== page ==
The Hebrew saying, “Say not in grief he is no more – but live in thankfulness that he was” could not have been more appropriate for all who knew Sri Pramod Panigrahi.
On Utkal Dibasa this year, I was reading one of his poems at an event in Delhi. I realized the lucidity of his thoughts and the uniqueness in spotting positivity in different life situations. This poem was about a lone survivor and his dog friend in Hukitola island off the coast of Bay of Bengal. The audience was awed by the romance in the situation and the depth of the presentation in the poem, in simple yet aesthetic vocabulary.
That was Sri Panigrahi, a silent aesthete and an unobtrusive patrician in everyday life. His official positions, widely appreciated prowess in profession and unique personality, notwithstanding for me he was a progressive father. One who completely understood the inter-generational changes and inevitable shifts in ‘ways of life’. He was my “father” when he ought to be and became my “friend” when he needed to be. This changeover is often found to be rare and holds the key to parents remaining relevant for the children. Many have described him as “progressive beyond his times”. For the family, he was far removed from pettiness. Never ever obstinate, he was my God and epitome of respectful Fatherhood.
Every night we listened to music together, discussed lyrics, compositions, background stories of films and sequences, interesting anecdotes involving politicians, executives, artists and what not. We had “our time” at eateries and pubs, chatting up on latest sartorial styles in vogue. I can see him waiting for me every night to talk to me before we hit the sack, together or long distance, immaterial. In one of his moods, he would play flute impromptu. He could play most of the instruments, naturally. With the family huddled around him, every note of the instrument would be analysed threadbare. I learnt early that a family is a meeting of minds and convergence of nuances. In fact, the soft power of a family and the indispensability of culture in life were imbibed silently, unnoticed.
He was my ‘serene’ idol. So accomplished was he that he could only be silent. Many acquaintances I know would often tell me that they dreamt of sitting in front of him or be in his vicinity and watch him. He had many admirers and they were awed because he spoke so much and exuded an aura, in his silence and composed demeanor. Self-effacing, beyond imagination, he made even the vacuous at ease with him.
Given the sobriquet of an “officer and a gentleman” his multi-faceted talents striding across legal services, theatre, poetry & literature, film acting, lyric writing is legendary and a rarity. Whether it was working closely with the Chief Minister Sri Biju Patnaik or penning beautiful poetry, he was quietly brilliant in his diverse avatar. He spent early college days in Ravenshaw “agami mess” with friends like Sri Manoj Das, Sri Sarat Misra, Sri Girija Patnaik , Sri Amiya Tripathy, Sri Anant Mohapatro, and many more luminaries from various domains. His foray into the world of theatre and films began in Kolkatta with leading theater and film personalities like Pahari Sanyal. He concurrently worked in “Parinam” in 1965 as the lead actor, under the production of Kabiraj Krushna Chandra Tripathy Sharma of Aska who deviated from the trodden path and took amateur artists from all over Odisha to make his films. But even before that, he wrote the legendary lyrics of Manikajodi of 1963. Closely associated with Annapurna theatre movement in Cuttack, he has experimented in different formats of acting and direction with doyens like Babi, Dukhiram, Teema and all the leading lights of the era. Writing for Balakrushna Dash, teaming with Akshaya Mohanty, Parthasarathy Mohapatro resulted in terrific compositions which are classics forever. While he was seriously involved in performing arts, he was concurrently writing a lot which included poetry, stories and articles. He started writing in his college days and was recognized as Achiever – Young Talent in Bishuba Milana under the aegis of then Chief Minister Sri Mahatab, and is often considered as one of the leading writers of Odisha, remarkable for his diction and clear thoughts, who shunned publicity.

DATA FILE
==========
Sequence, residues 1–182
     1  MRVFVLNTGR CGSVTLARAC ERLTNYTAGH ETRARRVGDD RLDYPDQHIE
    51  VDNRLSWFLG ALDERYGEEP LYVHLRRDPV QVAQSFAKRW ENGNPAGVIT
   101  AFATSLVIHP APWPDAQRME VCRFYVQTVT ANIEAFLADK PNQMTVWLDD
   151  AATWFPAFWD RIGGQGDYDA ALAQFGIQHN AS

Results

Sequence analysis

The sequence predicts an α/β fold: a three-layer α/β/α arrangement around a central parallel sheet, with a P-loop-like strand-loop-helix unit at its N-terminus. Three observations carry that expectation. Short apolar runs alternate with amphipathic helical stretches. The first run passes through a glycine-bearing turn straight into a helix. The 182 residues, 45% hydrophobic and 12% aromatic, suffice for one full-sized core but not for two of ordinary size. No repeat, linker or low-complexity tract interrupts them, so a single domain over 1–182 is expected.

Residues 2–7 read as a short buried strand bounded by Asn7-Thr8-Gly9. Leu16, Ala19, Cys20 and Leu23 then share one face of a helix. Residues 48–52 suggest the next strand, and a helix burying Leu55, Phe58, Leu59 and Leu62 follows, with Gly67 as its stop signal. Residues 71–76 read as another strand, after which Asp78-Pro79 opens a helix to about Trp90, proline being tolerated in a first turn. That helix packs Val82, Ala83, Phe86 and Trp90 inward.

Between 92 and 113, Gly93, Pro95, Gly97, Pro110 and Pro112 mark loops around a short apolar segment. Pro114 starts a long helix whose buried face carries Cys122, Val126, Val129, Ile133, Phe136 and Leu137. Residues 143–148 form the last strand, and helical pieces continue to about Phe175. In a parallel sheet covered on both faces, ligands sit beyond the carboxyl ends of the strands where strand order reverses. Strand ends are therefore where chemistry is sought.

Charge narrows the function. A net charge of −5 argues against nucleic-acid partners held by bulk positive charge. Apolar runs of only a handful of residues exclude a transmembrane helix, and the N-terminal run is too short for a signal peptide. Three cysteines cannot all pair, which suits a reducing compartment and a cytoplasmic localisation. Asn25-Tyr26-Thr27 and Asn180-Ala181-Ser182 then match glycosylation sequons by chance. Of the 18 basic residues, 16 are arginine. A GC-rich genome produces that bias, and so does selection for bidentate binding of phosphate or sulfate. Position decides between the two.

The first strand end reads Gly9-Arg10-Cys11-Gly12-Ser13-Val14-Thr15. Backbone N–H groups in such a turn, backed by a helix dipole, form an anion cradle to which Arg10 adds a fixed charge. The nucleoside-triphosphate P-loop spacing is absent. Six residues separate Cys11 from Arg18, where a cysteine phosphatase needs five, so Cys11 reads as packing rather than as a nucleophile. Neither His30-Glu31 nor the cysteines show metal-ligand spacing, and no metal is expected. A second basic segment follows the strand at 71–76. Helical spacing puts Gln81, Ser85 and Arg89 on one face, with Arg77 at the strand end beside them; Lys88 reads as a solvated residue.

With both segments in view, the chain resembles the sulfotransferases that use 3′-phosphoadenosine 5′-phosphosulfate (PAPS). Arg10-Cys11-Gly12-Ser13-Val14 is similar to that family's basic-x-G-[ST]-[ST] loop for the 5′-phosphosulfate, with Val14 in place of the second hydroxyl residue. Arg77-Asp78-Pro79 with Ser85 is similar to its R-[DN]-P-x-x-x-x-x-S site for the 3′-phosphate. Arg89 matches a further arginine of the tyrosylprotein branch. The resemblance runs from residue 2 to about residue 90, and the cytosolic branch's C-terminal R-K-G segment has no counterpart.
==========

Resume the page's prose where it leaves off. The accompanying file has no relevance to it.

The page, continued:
Widely known for his aesthetics, dignified conduct, his communication skills and depth in the subject matters have always been and would continue to inspire many new careers and initiatives.
He hailed from an illustrious family, led a privileged life but never succumbed to the trap of arrogance, self-publicity, the lure of corruption of mind and to the pitfall of power grabbing through guile.
Who says God isn’t there, I have lived with one and continue to do so.
Dignity consists not in possessing honors, but in the consciousness that we deserve them. ~Aristotle